Content Header Image

Public Policy Congress: 2012 PEAK Leadership Summit

by Published On: May 07, 2012

On April 22, 2012, the LeadingAge Public Policy Congress met for the 2nd time since the change from the House of Delegates. 

The Public Policy Congress, which represents the membership and exercises leadership in identifying public policy priorities, serves as the deliberative body of LeadingAge with the responsibility to discuss and recommend public policy principles to the LeadingAge Board of Directors for approval.

What happened at the meeting?

Audrey Weiner, our Policy Congress chair, and chair of the LeadingAge Board of Directors, opened the meeting by reviewing the charge to the Policy Congress members and acknowledging the critical role that each member plays in this new process.

Weiner noted that, while different from the House of Delegates, which focused on current issues and legislations, the LeadingAge Public Policy Congress will be forward-looking and tasked with developing policy principles that will guide the organization and its advocacy work for future years.

John Rother, president and CEO of the National Coalition on Health Care and the former policy director for AARP, lead the Public Policy Congress through a discussion addressing our current environment and challenges for health care policy.

Rother reminded us to “think big, as the usual complaints won’t get us where we need to go.” In looking at our Policy Congress process, he suggested that this is a continuous feedback cycle and that we need to closely listen to our constituency that includes not only the seniors and the families we serve, but also the staff who provide the care.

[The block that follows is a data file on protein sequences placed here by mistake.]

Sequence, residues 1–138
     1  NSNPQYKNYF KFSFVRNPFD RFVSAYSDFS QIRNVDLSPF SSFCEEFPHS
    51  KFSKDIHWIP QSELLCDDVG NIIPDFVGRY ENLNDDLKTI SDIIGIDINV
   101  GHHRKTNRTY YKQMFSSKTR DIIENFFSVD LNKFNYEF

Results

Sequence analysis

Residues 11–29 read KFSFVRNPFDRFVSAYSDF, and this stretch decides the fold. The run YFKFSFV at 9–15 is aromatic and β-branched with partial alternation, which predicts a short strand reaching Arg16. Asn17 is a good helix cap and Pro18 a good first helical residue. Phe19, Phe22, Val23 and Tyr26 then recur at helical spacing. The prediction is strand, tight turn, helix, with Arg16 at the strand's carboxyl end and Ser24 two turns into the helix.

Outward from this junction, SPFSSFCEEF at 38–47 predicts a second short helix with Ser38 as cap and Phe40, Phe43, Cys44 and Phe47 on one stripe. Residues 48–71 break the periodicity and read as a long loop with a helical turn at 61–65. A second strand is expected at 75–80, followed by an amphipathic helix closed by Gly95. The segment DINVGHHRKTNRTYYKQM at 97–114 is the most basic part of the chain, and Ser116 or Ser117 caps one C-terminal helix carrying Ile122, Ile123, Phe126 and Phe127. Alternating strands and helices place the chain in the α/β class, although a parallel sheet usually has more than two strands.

What are the 6 advocacy essential elements?

Rother summarized the important work of advocacy into 6 essential elements:

  1. Ensure we are all “on message” and on the same policy page.
  2. Develop champions that include media, caregivers and legislators.
  3. Create a personal face to the message.
  4. Mobilize caregivers.
  5. Utilize hometown Member visits – cultivate congressional staff relationships.
  6. Use media well with message consistency.

He closed with sharing, “You are all my heroes. This organization has an important mission and role. Godspeed.”

What is next for the LeadingAge Public Policy Congress?

Over the next few weeks the  LeadingAge Public Policy Congress will identify key policy principles that come out of topic discussions. These will be shared, in the form of a short white paper, with the Board of Directors for approval and then back out to our LeadingAge members, the state associations and the state association boards, and will be used by the LeadingAge staff to create the specific policy objectives for the upcoming Congress.

 



comments powered by Disqus